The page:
Friday, January 19, 2018

Willful Blindness Wrapped in Razor Blades

"'I Wish You Bad Luck,' He Said With Good Intentions; Chief Justice John Roberts elaborates on this spring's famous ninth-grade graduation speech": Bob Greene has this essay online at The Wall Street Journal
  "States Pay the Price When You Buy Online": In Tuesday's edition of The New York Times, law professor David J. Herzigwill have an op-ed that begins, "Can online retailers be compelled by law to collect a sales tax? According to the Supreme Court, no -- but that could change if, in the next few weeks, it decides to take up a case challenging the current rule."

Bureaucratic efforts to undermine Freedom of Information laws by insisting it prevents “frank and fearless advice” hurts democracy and further estranges the governing class from the electorate. Bernard Keane reports.

"Why Judges Matter": Linda Greenhouse has this essay online at The New York Times

A shake-up at a key Pentagon agency is making employees fear they’re being replaced by artificial intelligence Foreign Policy 

Robot ‘dystopia already here’: AI to sink us into ‘unemployed despair’ Daily Star 

Alexa gets Aussie accent as Amazon launches smart speakers down under

Arthur J. Cockfield (Queen's University), Examining Canadian Offshore Tax Evasion, 65 Canadian Tax J. 651 (2017):

This article reviews academic and government studies that assess the magnitude of Canadian offshore tax evasion, as well as what tax-haven data leaks such as the Panama Papers have told us. This evidence, along with Canada’s historically poor performance in auditing, investigating, and prosecuting offshore tax cheats, calls for an ongoing and measured legal and policy response to inhibit offshore tax evasion.

In 2016, the island nation’s police reported 135 total days without any crimes including snatch-theft, house break-ins and robbery. That low crime rate means many small businesses enjoy little concern about shoplifting.
In fact, as CNBC recently observed, many local businesses take few precautions when closing shop at night.
For instance, in the ground floor lobby of a mixed-use building in the downtown business district, many shops don’t have windows, locks — or even doors.

Picture by John BiehlerCC BY-NC-SA 2.0

You may have heard that the IRS spent $20 million last year on private debt collection, and managed to raise … almost $7 million.[fn1] So what’s up with that? A number of things.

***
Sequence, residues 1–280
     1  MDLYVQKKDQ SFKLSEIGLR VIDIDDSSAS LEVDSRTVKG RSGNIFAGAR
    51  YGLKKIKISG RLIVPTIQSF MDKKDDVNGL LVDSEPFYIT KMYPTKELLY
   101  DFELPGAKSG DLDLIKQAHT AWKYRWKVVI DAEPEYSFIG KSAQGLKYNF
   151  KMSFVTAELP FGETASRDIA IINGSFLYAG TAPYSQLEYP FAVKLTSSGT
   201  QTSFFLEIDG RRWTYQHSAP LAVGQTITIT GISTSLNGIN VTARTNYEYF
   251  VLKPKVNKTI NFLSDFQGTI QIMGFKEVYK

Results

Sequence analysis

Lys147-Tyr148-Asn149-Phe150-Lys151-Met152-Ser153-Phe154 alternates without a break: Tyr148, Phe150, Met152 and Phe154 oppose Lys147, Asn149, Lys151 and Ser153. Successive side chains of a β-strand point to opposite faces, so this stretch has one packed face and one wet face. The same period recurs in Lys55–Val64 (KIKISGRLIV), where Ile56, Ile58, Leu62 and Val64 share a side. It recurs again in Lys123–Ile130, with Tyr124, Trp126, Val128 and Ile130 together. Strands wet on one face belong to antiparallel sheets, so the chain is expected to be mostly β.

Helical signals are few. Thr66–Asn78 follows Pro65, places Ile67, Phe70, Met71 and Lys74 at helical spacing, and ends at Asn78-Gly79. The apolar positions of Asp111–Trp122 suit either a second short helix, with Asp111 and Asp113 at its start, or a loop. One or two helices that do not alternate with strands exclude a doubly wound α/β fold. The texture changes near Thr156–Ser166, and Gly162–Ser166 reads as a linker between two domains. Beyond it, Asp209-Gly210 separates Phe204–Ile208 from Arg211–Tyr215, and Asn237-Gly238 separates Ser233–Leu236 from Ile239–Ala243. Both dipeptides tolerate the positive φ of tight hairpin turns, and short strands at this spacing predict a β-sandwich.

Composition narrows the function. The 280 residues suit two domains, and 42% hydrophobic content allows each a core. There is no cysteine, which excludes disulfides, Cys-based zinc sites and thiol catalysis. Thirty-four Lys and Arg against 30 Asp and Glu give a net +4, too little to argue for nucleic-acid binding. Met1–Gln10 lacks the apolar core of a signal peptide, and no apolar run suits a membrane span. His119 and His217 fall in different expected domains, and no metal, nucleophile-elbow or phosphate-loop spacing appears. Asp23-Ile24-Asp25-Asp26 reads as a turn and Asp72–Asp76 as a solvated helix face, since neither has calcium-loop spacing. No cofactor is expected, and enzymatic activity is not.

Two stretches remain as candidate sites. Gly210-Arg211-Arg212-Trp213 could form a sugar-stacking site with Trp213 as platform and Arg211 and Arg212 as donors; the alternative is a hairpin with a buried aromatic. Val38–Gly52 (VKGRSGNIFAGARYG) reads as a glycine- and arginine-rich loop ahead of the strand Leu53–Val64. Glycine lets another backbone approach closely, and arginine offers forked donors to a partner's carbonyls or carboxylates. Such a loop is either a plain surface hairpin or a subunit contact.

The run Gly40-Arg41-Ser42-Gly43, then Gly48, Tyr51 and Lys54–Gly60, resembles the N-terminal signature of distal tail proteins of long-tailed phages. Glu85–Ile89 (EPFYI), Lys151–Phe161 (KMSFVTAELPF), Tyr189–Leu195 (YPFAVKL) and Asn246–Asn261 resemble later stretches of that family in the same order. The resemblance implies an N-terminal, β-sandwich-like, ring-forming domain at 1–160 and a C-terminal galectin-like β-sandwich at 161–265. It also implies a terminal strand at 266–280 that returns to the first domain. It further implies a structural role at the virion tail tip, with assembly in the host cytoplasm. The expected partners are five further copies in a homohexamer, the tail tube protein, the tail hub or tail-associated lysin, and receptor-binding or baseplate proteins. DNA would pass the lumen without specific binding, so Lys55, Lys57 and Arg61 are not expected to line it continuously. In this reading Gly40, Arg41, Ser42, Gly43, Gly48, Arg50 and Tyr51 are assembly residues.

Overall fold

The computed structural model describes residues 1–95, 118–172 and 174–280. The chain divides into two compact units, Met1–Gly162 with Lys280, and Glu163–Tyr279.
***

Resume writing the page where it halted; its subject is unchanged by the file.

First things first, though: in 2015, Congress mandated that Treasury enter into one or more debt collection contracts with private debt collectors. The IRS missed its initial deadline, but started the program in April 2017.[fn2] Initially, the IRS contracted with four debt collection agencies, assigning them about $920 million of inactive tax receivables.[fn3] (“Inactive tax receivables” basically means tax debt that the IRS has stopped trying to collected, and where it has had no contact with the taxpayer-debtor for at least a year.) The debt collectors receive a fee of up to 25 percent of the amounts they collect. (They seem to be paid additional amounts, too, as I’ll lay out later.) Continue reading

Fourth Circuit NonPublished Opinion Offers Little on Willful Blindness Instruction (1/15/18)

In United States v. Parker, 2018 U.S. App. LEXIS 712 (4th Cir. 2018) (unpublished), here, the Fourth Circuit affirmed Parker's conviction for "conspiring to file false tax returns, in violation of 18 U.S.C. § 371, and presenting false claims to the Internal Revenue Service (the "IRS"), in violation of 18 U.S.C. § 287."  As a nonpublished opinion, it may have diminished precedential value.  Still, there are some items in the opinion that I find worthy of mention.

First, the trial court gave the following willful blindness instruction:
If you find that the defendant was aware of a high probability that the tax returns at issue were false and that the defendant acted with deliberate disregard of the facts, you may find that the defendant acted knowingly. However, if you find that the defendant actually believed that the tax returns at issue were true, he may not be convicted.

Everyone Is Getting Hilariously Rich and You’re Not NYT. “The goal may be decentralization, but the money is extremely concentrated. Coinbase has more than 13 million accounts that own cryptocurrencies. Data suggests that about 94 percent of the Bitcoin wealth is held by men, and some estimate that 95 percent of the wealth is held by 4 percent of the owners.” We might, then, consider reframing “scam” to “primitive accumulation” in the context of the neoliberal legitimacy crisis we are all enmeshed in.

A single actor likely drove the USD/BTC exchange rate from $150 to $1000 in 2 months. That is from the JME (JME Publication)


The EU tax commissioner, Pierre Moscovici, admits the process for creating the first tax haven blacklist was less than perfect and talks about the impact of U.S. President Donald Trump on the effort to create an international tax solution.

The second in our three-part series, this week we show you how to make sense of the hundreds of networks in our database. We also explain how to know which leak the data is from.